Recently, Planet Biometrics posted a story entitled “Biometrics Cruise into the Disney Dream” that described how facial recognition biometric technology is used throughout their new cruise ship in “moving art” and personalized photography. “Moving art” is interactive art spread throughout the ship that contains moving pictures which are cued to play once a passenger stands in front of the screen. Facial recognition is used to recognize the person that is standing in front of the screen so that the same interactive video does not play twice. In addition, Disney uses facial recognition technology to help sort and consolidate the reams of photos that staff photographers snap of individuals and families as they enjoy their time on the ship and Castaway Cay Island. Facial recognition biometrics saves a lot of time and creates efficiencies for passengers to find the photos that are exclusive to themselves and their families.
In case you missed it, at the 2011 National Retail Federation “Retail’s Big Show” in New York, Kraft Foods debuted a state of the art kiosk which can instantly scan a passerby, determine their gender and age group, then suggest which food products might be an attractive meal idea. It even goes so far as to allow a customer to scan their loyalty card and search their past ordering history to hone their choices even more. Wow. Pretty cool.
Which brings us to the subject of our blog post. With the increasing sophistication of technology that surrounds us and the use of biometric identification to help customize marketing messages to consumers, is biometrics becoming a gigantic intrusion into our personal lives or a savvy tool for companies to personalize their message?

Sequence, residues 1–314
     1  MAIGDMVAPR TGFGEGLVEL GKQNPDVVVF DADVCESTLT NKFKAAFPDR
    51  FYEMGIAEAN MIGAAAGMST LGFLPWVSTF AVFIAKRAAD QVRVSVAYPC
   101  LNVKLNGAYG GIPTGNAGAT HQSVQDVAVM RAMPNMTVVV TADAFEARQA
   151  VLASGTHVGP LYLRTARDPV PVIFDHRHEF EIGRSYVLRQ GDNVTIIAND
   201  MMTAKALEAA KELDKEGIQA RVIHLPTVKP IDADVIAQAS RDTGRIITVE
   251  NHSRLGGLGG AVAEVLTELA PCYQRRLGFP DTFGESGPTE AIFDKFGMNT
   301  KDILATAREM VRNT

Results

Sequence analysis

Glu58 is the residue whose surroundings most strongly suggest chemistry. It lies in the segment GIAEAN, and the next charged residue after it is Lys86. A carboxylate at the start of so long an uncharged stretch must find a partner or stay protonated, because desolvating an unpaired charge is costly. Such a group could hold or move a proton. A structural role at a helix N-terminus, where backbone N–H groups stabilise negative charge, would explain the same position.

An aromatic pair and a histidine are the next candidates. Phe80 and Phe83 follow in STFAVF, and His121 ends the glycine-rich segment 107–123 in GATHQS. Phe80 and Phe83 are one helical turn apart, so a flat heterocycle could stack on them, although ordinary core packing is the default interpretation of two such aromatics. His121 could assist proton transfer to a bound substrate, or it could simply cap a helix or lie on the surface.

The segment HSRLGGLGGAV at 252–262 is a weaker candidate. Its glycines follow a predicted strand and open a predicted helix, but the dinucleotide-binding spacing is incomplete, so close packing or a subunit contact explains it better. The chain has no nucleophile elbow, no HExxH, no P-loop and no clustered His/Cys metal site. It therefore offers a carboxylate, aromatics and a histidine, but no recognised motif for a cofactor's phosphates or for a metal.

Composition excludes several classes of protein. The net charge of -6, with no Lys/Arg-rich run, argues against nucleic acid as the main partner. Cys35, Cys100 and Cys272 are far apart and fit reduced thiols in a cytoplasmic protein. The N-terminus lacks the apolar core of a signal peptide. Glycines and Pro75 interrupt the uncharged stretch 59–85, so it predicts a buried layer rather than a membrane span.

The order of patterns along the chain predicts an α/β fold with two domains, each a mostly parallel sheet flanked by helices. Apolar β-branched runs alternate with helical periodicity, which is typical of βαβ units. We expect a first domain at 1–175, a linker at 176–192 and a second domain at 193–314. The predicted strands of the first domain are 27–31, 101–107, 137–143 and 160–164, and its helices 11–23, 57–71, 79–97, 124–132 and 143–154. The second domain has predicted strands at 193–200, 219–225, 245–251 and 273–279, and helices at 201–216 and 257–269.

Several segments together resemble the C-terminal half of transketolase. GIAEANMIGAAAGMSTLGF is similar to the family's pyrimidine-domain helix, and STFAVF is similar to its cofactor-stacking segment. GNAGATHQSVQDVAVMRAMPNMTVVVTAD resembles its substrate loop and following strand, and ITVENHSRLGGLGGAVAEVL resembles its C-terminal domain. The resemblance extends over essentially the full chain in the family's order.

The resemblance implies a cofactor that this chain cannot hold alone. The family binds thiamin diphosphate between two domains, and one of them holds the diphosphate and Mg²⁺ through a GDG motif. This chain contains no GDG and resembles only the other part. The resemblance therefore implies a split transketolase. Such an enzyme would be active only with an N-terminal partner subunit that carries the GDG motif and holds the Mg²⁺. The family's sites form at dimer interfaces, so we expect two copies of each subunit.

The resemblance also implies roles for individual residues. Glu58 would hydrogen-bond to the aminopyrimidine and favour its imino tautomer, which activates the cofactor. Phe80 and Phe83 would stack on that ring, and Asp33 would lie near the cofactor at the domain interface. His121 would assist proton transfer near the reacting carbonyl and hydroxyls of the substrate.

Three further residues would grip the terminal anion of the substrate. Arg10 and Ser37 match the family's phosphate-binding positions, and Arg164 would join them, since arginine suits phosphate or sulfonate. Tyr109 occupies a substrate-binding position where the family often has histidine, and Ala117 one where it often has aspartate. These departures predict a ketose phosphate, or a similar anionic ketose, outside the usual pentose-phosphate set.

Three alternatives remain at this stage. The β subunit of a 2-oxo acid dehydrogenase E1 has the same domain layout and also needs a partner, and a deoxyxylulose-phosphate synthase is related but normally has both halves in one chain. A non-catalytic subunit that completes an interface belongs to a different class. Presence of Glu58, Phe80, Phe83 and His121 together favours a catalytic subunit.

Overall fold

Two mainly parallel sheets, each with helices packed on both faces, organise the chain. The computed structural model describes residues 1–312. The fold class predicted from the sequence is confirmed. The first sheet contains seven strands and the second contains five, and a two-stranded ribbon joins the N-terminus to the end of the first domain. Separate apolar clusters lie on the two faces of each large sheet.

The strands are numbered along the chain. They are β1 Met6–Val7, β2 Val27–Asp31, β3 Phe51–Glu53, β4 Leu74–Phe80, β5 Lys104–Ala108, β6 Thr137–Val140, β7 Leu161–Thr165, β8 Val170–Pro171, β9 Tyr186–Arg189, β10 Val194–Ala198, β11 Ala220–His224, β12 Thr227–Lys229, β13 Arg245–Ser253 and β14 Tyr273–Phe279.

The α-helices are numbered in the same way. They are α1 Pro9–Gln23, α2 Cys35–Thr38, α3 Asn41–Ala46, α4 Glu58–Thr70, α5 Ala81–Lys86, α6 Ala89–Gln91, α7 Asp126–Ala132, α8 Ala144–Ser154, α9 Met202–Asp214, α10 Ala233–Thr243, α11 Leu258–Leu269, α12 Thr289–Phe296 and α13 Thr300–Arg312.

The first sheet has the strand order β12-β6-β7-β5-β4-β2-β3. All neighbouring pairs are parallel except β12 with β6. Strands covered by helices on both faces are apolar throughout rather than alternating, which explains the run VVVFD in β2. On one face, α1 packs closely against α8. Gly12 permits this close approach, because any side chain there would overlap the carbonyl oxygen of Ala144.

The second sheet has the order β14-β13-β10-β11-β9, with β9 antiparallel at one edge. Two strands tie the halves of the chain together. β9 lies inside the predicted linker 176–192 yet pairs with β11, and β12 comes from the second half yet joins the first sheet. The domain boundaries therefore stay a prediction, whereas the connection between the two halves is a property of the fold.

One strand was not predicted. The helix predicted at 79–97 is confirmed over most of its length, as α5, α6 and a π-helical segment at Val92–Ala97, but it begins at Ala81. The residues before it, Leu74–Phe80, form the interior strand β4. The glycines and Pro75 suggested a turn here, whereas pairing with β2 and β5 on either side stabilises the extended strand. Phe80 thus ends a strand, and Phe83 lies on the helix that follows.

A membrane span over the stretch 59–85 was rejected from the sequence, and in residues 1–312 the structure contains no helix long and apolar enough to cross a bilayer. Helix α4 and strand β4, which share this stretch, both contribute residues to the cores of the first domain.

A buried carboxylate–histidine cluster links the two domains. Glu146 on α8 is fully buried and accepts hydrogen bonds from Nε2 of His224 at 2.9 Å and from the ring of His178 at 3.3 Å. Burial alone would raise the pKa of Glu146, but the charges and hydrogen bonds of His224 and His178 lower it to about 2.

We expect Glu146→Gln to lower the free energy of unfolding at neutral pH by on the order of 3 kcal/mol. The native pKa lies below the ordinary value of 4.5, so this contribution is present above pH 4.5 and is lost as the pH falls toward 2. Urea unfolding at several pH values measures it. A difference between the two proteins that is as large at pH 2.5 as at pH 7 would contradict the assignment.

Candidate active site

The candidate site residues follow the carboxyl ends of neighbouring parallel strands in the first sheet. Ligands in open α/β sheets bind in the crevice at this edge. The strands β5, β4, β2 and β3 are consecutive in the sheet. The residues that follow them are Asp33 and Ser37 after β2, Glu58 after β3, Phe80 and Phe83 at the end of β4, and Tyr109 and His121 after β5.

Big brands would argue that they are simply utilizing biometrics in this capacity as a means to engage customers by tailoring a solution or offering that is relevant and timely. They vehemently deny storing anyone’s image or sharing biometric information with anyone. On the other side of the coin, privacy advocates worry (and perhaps rightfully so) that companies are indeed storing these images and as biometrics becomes more and more prevalent for identification in many different vertical markets, the protection of an individual’s biometric template information is not secure and regulated by a set of national standards.
Valid arguments can be made for both sides of the fence. Expect to see biometrics popping up more often in companies’ efforts to engage with their customers and to help enhance their in-store or entertainment experience.
What’s your take? Should we allow companies to use biometric technology as a means to personalize their marketing message to consumers for entertainment or direct sales? Do privacy advocates have a convincing argument when they question the use of biometrics in this capacity? Please share your thoughts in our comments section below.